The gem of a venue was another surprise, a large box of a room with a dome in its roof in the Elks’ Club, next door to the Alameda City Hall (talk about centrally located!). The acoustics were so good, for the first time in my operatic life, I could hear every word of the Italian (it helped that the small orchestra was over on the side, and yes, there were Supertitles).
The productions were satisfactorily tucked up on the small stage. Puccini’s drama of the bargemaster Michele (warm-voiced baritone Michael Rogers), discovering the lover of his wife Georgetta bright tone, keen focused soprano, Eileen Meredith, and strangling him (C. Michael Belle, a large man with fine, driven tenor) played out intensely. Alix Jerinic, mezzo soprano, did an excellent turn as the rag-picker La Frugola.
All that most folk know of “Il Signor Bruschino” is the often-played overture, the one with six tappings of the bows as a recurrent motif. (the overture gave the few strings in conductor Shahani’s little band more trouble than the later music). The piece is a howler about little Florville (tenor Darron Flagg) outwitting Gaudenzio Strappapuppole, the father of Sophia to win the striking bombshell, Kelly Britt, by pretending to be the son of Bruschino, driven half crazy by the masquerade. Which inspired Bojan Knezevic in a stellar performance as Bruschino, to make a run at the kingdom of the late great baritone buffissimo Renato Capecchi. Britt, in figure-hugging short dress, was the other constellation, knocking the spots off the coloratura aria, “Ah! donate il caro sposo.” Branislav Radakovic, in handsome, generous baritone, was the comical hotel keeper, and Kiril Havezov, the Gaudenzio, lively and comedic, in a buffo bass.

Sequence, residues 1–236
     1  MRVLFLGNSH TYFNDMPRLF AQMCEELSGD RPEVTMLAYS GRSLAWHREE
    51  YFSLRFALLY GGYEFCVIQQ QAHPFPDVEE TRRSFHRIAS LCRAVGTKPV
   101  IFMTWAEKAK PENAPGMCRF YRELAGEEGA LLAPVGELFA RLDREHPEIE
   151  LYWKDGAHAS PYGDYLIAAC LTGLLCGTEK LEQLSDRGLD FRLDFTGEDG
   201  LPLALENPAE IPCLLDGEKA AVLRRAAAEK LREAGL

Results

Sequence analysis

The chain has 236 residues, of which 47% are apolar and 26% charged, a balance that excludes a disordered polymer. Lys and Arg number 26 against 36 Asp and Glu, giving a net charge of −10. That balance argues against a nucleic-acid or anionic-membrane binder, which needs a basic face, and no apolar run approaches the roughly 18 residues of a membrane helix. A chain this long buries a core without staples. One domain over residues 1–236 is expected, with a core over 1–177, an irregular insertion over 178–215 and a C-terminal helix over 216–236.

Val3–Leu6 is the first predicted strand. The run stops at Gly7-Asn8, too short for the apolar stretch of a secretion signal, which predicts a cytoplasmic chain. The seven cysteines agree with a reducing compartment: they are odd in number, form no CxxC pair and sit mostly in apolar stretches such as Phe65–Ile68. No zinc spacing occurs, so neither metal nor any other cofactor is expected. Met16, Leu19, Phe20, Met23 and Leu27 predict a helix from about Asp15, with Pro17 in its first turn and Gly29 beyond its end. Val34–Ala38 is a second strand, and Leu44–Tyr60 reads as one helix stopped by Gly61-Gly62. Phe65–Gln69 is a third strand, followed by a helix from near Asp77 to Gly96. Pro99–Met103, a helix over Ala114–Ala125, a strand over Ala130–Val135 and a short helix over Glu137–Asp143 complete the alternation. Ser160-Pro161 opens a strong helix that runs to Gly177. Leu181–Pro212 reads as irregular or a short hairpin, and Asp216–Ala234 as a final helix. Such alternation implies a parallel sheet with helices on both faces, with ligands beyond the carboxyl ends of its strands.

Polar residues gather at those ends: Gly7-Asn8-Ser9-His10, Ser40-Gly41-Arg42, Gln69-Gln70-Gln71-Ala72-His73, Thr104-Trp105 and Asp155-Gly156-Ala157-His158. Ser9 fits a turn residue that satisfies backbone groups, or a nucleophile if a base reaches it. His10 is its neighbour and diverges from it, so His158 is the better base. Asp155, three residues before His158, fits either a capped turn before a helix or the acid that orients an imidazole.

One other thing and a first. A maid who kept popping in to clear up the curlicues of the plot, singing as well as speaking in English, turned out to be the very ingenious stage director Erin Neff, and when did a stage director ever play on the opera stage?"
...and Jeffrey Smith
Groucho Marx once asked his cab driver, “Am I late for the opera?” When the driver assured him that he was on time; Groucho responded, “In that case, drive around the block again.” Perhaps Groucho had tickets to Margaret Dumont performing a Teutonic epic by Wagner. Groucho was certainly NOT anticipating the Island City Opera’s performance of LOVE: A TRAGEDY & A COMEDY at the Elks Club of Alameda.